Over the past few months we have been exploring the implications for IT and the business coming from the Puppet, “State of DevOps Report 2016”. A thread running through that report, echoed in comment across the technology sector, is that DevOps is as much about changing organisational culture as it is about new technology tools and techniques. That brings me to Gartner’s report on Bi-Modal IT.
In 2014 Gartner published a report that indicated a clear divide in IT organisations between Mode 1 environments, focused on the maintenance of legacy systems of record and Mode 2 environments, engaged in the development of new apps using agile methods and technologies. At the time, most commentators took this to mean that there were two distinct IT tribes. One, old-fashioned and involved primarily with the maintenance of legacy systems, the other, younger, more agile focused on the development of the new apps required for digital transformation. Whatever the truth in that, and recently Gartner have moved to explain that isn’t what they really meant, the reality is that many people do see IT operations as split into two distinct groups.
This might have serious consequences for the effectiveness of your IT operation. At the very least it creates a perception that Mode 1 is somehow second class. This hardly drives the sort of employee engagement that drives the best in class productivity seen in the Puppet report. Further, this will exacerbate the problem of attracting and retaining scarce DevOps talent.
To get over this I recommend you look at a book called “Dealing with Darwin” by Geoffrey Moore, and in particular, his chapter on “Repurposing Resources for Core”. If you can get past the fact that this is a book that looks at marketing product lifecycles there are some great insights for IT management trying to grapple with the dual issues of resource allocation and re-skilling.
The basic premise is that product, or in this case app development, moves in a clockwise direction from innovation and development, through deployment and enhancement into maintenance and ultimately, retirement. Too often the people involved in these phases move in a clockwise direction as well. The innovators and developers often get tasked with deployment. The operations staff get moved into maintenance and then often get retired along with the application.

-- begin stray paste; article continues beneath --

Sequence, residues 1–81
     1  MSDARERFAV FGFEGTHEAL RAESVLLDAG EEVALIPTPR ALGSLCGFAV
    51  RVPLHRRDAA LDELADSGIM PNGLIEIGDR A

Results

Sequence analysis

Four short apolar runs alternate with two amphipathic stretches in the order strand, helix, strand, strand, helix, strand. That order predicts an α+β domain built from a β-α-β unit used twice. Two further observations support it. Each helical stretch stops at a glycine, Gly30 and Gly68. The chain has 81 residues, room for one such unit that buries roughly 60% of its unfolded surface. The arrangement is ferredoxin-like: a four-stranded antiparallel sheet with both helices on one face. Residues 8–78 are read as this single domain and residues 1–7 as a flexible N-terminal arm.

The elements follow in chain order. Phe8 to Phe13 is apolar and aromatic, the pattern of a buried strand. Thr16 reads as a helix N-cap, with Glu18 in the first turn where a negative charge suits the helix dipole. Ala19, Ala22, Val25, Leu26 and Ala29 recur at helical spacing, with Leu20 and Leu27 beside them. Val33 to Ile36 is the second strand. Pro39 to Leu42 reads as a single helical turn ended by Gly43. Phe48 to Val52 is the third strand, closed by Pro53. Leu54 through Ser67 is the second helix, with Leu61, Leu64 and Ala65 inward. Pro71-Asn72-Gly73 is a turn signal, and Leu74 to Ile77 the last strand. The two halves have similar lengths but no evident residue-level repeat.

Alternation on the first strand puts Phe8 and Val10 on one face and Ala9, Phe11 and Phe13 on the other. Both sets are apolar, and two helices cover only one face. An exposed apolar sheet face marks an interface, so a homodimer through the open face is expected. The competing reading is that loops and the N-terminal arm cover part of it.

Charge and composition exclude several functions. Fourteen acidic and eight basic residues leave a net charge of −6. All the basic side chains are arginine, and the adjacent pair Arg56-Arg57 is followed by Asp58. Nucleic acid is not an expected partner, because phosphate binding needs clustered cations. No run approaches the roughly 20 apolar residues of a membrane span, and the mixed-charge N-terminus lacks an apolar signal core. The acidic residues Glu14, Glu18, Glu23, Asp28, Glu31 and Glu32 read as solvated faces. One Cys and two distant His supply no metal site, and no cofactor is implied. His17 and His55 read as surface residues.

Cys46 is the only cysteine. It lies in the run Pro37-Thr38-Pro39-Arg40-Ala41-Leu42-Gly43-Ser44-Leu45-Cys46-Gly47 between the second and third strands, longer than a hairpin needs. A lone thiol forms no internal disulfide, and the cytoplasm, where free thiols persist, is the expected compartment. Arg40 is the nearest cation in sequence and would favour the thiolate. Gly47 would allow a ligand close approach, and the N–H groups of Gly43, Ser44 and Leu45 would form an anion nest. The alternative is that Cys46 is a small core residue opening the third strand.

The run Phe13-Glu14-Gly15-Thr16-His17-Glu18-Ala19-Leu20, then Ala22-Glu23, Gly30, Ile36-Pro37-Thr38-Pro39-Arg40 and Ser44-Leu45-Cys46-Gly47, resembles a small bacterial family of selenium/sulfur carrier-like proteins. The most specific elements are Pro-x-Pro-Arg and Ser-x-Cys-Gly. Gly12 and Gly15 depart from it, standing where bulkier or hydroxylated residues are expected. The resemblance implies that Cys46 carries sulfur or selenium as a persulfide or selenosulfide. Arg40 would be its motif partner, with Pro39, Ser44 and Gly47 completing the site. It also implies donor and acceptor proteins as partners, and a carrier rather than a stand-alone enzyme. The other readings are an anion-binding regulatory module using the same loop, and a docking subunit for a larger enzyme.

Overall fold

The innovators and developers, who are aren’t suited for deployment and operations, leave. The operations people who get left without a product or app to maintain when it is retired are lost to the company completely when they are made redundant. However, if you detach the people from this clockwise movement and move them anti-clockwise you solve a lot of issues.
The innovative developers don’t get asked to run deployment and operations. They get reassigned anti-clock wise to work on the next innovation. The staff who had moved from deployment into operations can step back to pick up the latest app to be deployed. Similarly, the staff who had been maintaining systems and apps in the last stages of their lifecycle can be reassigned to operating newer core systems.
This ensures that staff are using their most appropriate skills, keeps them refreshed as new technologies come through and ensures staff managing end-of-life programs have a clear pathway to continued employment. It gets rid of any ‘us and them’ attitudes and seems to me absolutely in step with the aims inherent in the best-in-class DevOps approach advocated by Puppet.
We have been through this with several organisations. If your strategy is to affect a digital transformation of your business, but you aren’t sure how to take the first steps in making the cultural changes needed in IT, contact me by email (email@example.com) to arrange a no-risk exploratory meeting. I am confident we can help. However, if, after this meeting, we don’t feel we can bring real value we will tell you so that we are not wasting your time and money.